Where is democracy and rule of law most prominent – Budapest or Brussels? “What a question!” would be the response of both the mainstream media and the majority of EU MEPs. After all, Hungarian Prime Minister Viktor Orbán has been demonized for years and set up as a dictator. Our comparison makes it clear that the facts show just the opposite.
Yet hatred against Hungary has escalated to the point that the Dutch prime minister has also publicly suggested that the small Central European country withdraw from the EU. Is this really what the Netherlands believes? A lowland country hiding behind high dams that remains a European hub for drug trafficking and organized crime?
Would it not be better to suggest that the Netherlands leave?
No matter. Never mind that a journalist was recently shot on the street in the Netherlands – not in Hungary – because he got too close to a criminal gang during his research. The Netherlands is where a right-wing politician was killed and where an Islamic-critical film director was killed, in both cases for ideological reasons. Political killings (in all cases with socialist participation) also took place in Malta and Slovakia, but not in Hungary, not even in the slightest.
Spanish politicians also eagerly join in the humiliation of Hungary. Yet as of just a few weeks ago, there were still political prisoners in their country, politicians imprisoned for years for behavior that does not count as a crime anywhere else. Namely, as local (Catalan) politicians, a referendum was organized, which the central government did not look at kindly. These people wanted nothing more than perhaps a bit too much democracy.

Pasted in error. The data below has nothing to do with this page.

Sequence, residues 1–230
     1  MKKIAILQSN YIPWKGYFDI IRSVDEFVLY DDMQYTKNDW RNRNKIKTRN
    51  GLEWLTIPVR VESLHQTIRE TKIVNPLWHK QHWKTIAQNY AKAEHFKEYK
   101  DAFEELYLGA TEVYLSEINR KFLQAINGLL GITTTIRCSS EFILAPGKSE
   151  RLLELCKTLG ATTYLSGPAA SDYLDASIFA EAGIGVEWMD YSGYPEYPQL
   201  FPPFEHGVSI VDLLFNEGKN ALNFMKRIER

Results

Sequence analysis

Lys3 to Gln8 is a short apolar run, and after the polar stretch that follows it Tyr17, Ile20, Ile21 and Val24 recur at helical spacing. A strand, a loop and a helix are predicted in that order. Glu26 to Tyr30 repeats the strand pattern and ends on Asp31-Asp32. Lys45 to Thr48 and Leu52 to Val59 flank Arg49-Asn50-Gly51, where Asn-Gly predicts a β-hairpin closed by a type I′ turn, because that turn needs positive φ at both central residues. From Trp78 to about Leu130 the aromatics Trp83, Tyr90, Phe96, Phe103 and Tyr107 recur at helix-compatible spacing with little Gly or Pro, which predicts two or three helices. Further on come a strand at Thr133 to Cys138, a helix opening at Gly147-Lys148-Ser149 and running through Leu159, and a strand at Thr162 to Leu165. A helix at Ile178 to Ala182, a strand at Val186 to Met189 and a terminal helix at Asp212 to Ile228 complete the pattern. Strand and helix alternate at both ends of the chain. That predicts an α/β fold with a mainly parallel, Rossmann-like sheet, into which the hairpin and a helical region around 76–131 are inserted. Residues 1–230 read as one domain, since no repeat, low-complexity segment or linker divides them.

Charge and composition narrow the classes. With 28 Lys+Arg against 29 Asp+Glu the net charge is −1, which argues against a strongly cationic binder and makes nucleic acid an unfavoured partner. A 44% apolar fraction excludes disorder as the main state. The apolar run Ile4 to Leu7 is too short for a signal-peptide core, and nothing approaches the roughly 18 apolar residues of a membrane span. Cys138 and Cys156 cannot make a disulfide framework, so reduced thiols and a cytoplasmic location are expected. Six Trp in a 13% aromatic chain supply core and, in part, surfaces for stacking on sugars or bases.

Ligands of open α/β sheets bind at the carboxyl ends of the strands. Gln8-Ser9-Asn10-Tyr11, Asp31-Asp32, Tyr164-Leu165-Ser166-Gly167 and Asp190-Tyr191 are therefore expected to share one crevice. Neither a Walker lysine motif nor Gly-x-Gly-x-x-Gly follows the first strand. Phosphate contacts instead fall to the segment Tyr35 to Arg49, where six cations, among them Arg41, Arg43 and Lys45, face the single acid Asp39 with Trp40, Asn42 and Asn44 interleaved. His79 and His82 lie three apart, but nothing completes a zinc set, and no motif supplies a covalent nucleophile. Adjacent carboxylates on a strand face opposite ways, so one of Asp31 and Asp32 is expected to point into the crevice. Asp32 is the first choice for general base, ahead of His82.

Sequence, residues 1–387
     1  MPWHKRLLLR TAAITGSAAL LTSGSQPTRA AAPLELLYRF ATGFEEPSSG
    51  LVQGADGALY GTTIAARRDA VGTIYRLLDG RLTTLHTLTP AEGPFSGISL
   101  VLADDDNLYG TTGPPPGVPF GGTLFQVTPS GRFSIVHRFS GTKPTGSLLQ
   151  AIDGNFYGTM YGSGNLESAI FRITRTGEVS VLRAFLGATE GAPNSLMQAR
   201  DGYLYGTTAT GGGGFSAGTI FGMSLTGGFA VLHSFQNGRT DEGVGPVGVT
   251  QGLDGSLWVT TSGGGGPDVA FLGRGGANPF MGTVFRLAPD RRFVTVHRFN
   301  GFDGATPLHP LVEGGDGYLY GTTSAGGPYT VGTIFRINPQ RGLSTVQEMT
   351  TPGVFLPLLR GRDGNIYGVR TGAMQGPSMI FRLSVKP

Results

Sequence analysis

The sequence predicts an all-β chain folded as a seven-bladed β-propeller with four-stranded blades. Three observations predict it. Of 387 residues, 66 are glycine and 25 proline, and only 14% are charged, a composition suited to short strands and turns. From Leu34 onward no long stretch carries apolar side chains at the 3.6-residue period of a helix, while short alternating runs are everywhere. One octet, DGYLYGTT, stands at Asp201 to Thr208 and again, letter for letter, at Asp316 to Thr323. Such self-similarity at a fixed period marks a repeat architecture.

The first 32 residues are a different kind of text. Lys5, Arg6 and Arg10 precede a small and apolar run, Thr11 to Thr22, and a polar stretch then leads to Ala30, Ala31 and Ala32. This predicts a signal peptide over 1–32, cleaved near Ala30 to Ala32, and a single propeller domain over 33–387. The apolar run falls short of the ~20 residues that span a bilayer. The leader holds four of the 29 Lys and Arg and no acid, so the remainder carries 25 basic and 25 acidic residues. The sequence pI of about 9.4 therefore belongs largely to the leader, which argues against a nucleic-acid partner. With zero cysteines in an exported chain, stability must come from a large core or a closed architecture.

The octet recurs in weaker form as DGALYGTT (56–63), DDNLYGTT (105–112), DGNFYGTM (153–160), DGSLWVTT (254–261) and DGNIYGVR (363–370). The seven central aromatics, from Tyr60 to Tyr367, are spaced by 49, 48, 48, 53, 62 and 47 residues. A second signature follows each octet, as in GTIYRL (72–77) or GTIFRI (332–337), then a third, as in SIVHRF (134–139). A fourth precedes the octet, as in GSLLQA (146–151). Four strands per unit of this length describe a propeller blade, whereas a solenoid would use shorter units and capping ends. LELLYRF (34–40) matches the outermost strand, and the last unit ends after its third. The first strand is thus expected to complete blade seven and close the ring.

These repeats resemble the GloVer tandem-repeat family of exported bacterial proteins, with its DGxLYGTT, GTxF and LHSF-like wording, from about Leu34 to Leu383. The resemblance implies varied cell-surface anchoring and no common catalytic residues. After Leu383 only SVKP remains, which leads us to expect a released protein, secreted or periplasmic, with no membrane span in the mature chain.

Perhaps Austrian politicians should also consider whether their own country, unlike Hungary, is still a state governed by the rule of law. This is because the massively ideologically based activities of some prosecutors are increasingly questioning this. The massive increase in migrant crime has clearly reduced the right to security of the country’s citizens, even 13-year-old girls. And it is clearly a failure of politics and the judiciary that Austria ranks fourth among all EU Member States in terms of illegal migrants.
Western European agitators are constantly attacking Hungary and debating whether there is democracy here at all. However, at least direct democracy is used to a much greater extent than in some others: the Budapest government regularly seeks the opinion of the population in the framework of a national consultation akin to a referendum.
Title image: News stand in Hungary. (Média1/András Lányi)